You can start and stop a cleaning job in four ways: by pressing the “clean” button on top of the Omni station or the one on the robot, tapping the Auto button in the app, or using YIKO voice control. I opted for the last. You can find a comprehensive list of voice commands in the app; each one starts with the phrase “OK, YIKO” (pronounced Ee-koh) to wake the robot up and is followed by a direction, such as “start cleaning,” “make a new map,” or “mop the kitchen.”
The X1 Omni will map your space during its first cleaning job, or you can use the quick mapping function which does the same without cleaning in a fraction of the time. I did this with a simple “OK, Yiko, start quick mapping” command and the robot made a quick trip through my downstairs level, producing a fairly complete map that included the living room, kitchen, entryway, and bathroom. Once you have a map, you can divide or merge spaces, add virtual barriers, and label rooms from within the app. You can also set cleaning sequences, schedule jobs, and set preferences for individual cleaning areas.
The X1 Omni easily sucked up small and large debris from my hard-surface floors on the lowest suction setting. Higher suction levels were required to do the same on carpet, but you can configure the robot to increase suction automatically when it detects carpeting. The mopping results were excellent, as well. The twin mopping pads spin at 180 rpm, and that provided enough agitation to remove dry stains almost as easily as fresh ones.
The robot navigated methodically around furniture during cleaning jobs. However, avoidance of obstacles in its path was hit and miss. Instead of skirting around a power cable I purposely left draped across the floor, it simply rolled over it, so it’s important to declutter before you dispatch the robot to clean. On the other hand, it had no problem transitioning from hard floor to carpet and vice versa.
As mentioned, the built-in HD camera can provide a live video feed of the robot’s surroundings. Ostensibly, this is to help capture images to help troubleshoot areas where the robot might be getting stuck during cleaning. But it’s important to note, however, that it captures a floor-to-ceiling view of the room the robot is in; as such it might record video and audio of intimate family moments. This is by design. There is a whole separate set of camera controls in the Ecovacs app for recording and viewing video, similar to what you find with home security cameras, and there’s even a “home patrol” function that lets you get a quick visual survey of the room when you’re away. You must turn this feature on and enter a password in the app each time you want to use it, and Ecovacs assures the X1 Omni’s hardware and software have met TÜV Rheinland privacy and security certification, which helps reduce the likelihood that hackers could get access to devices that are compliant with the standard. Still, this feature might give privacy-conscious users pause.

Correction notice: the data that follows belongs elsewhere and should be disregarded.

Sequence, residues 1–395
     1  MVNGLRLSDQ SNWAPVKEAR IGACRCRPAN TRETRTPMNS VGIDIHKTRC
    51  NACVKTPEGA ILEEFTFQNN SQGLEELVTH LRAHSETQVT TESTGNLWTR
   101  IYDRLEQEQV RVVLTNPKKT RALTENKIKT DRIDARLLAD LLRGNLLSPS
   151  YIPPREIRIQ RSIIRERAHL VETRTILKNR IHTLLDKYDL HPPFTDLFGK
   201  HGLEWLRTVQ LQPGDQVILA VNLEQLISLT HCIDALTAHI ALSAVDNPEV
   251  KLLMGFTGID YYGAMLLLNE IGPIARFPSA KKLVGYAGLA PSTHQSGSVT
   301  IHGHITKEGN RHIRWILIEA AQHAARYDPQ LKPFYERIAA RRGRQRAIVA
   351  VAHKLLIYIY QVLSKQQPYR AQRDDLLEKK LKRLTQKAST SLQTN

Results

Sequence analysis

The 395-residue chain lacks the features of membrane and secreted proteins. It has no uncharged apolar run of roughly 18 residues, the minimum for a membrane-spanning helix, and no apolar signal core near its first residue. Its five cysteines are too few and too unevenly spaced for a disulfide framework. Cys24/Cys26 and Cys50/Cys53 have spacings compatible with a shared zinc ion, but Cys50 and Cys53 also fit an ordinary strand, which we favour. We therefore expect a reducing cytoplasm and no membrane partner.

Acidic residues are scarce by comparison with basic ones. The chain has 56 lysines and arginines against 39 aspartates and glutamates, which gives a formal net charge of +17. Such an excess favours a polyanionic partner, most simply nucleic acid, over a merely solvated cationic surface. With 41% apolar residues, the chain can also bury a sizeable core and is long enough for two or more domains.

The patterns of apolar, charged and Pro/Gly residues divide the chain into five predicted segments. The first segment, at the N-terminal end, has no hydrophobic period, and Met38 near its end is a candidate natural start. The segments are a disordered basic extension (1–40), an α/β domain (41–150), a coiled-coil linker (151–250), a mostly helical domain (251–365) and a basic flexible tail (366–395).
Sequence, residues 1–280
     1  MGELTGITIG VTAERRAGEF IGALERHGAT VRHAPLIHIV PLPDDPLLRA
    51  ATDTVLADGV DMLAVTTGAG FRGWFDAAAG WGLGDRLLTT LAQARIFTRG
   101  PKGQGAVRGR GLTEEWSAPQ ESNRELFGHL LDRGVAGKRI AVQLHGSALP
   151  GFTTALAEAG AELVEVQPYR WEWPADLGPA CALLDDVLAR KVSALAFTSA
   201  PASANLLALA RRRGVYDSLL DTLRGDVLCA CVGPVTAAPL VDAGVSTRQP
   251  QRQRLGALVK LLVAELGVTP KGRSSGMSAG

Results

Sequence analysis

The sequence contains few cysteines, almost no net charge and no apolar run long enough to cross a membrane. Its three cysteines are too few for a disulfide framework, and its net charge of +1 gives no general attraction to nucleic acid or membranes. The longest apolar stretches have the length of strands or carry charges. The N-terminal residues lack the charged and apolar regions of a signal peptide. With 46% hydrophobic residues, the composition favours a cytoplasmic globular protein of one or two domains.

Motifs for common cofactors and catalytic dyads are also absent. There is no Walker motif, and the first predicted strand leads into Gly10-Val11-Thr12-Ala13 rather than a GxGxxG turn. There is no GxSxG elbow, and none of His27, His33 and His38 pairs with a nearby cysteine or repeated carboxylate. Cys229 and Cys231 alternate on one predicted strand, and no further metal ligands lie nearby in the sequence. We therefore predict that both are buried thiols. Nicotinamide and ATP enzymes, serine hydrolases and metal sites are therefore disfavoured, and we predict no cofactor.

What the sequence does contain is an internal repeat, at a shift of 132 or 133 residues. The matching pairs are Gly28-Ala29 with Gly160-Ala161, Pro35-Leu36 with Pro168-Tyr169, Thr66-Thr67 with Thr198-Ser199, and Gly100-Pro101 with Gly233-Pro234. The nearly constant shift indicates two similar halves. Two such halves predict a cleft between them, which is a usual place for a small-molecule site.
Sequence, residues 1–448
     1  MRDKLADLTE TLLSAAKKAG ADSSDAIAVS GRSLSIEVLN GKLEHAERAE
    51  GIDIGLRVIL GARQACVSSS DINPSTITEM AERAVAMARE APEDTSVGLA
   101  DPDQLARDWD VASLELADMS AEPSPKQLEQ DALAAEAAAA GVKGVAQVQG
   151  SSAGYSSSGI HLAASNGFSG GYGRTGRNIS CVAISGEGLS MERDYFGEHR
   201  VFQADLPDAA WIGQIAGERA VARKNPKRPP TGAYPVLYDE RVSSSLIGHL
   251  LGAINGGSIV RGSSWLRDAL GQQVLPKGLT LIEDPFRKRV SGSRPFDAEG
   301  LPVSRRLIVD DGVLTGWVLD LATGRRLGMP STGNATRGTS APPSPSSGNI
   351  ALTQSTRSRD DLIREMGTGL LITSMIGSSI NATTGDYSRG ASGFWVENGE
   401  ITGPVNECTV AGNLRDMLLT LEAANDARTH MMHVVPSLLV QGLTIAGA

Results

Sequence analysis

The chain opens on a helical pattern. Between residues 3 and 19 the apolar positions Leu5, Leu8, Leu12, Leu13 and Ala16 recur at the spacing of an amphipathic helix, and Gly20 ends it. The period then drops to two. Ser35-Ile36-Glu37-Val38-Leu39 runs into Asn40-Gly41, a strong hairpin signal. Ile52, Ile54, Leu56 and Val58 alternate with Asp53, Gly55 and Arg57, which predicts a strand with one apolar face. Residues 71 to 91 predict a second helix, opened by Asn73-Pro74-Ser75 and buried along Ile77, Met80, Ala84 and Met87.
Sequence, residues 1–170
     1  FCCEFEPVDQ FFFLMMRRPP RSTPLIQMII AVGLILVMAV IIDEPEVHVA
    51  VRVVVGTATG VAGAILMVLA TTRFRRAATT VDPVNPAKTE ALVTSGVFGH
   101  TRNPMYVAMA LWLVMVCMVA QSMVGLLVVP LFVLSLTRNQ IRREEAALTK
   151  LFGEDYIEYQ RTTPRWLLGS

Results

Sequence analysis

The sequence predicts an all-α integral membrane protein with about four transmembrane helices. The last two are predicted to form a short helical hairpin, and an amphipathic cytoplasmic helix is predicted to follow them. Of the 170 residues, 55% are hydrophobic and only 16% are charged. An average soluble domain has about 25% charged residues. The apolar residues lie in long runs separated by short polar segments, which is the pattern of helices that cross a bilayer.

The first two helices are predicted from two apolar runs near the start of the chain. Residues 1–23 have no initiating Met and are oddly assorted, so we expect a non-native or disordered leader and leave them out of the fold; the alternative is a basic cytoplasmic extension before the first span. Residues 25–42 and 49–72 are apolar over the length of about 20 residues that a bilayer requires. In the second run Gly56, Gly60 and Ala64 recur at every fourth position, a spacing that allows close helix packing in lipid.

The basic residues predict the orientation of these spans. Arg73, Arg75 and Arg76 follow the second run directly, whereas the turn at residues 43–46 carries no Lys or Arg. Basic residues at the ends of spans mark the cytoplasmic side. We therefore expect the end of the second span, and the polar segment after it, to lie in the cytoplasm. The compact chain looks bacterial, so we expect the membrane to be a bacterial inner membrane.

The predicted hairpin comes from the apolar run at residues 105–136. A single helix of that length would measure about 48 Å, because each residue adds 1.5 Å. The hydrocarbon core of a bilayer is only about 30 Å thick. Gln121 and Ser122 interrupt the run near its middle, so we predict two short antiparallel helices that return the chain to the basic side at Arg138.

That said, the X1 Omni is an innovative and impressive combo cleaner. If you have the space to house it and the means to afford it—it lists for $1,549, though it can be had for 10-percent less on Amazon—you won’t be disappointed.
It’s also worth mentioning that the X1 Omni requires a greater degree of maintenance than the average robot vacuum. In addition to keeping the brushes, dustbin, and filter clear of debris that could impair cleaning performance, you must regularly empty and clean the dirty water tank, drain and clean the cleaning sink, clean the clean water filter, and clean the dust collection drawer in the Omni station.